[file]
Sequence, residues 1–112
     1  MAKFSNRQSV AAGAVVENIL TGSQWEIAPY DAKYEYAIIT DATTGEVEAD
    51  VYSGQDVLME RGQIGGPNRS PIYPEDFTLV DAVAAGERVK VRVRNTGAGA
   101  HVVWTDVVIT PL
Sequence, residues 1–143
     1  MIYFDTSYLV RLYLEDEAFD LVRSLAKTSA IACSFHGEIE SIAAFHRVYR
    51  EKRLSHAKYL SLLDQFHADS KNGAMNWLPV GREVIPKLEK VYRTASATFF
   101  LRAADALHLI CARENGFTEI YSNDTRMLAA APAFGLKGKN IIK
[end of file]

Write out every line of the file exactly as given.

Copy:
Sequence, residues 1–112
     1  MAKFSNRQSV AAGAVVENIL TGSQWEIAPY DAKYEYAIIT DATTGEVEAD
    51  VYSGQDVLME RGQIGGPNRS PIYPEDFTLV DAVAAGERVK VRVRNTGAGA
   101  HVVWTDVVIT PL
Sequence, residues 1–143
     1  MIYFDTSYLV RLYLEDEAFD LVRSLAKTSA IACSFHGEIE SIAAFHRVYR
    51  EKRLSHAKYL SLLDQFHADS KNGAMNWLPV GREVIPKLEK VYRTASATFF
   101  LRAADALHLI CARENGFTEI YSNDTRMLAA APAFGLKGKN IIK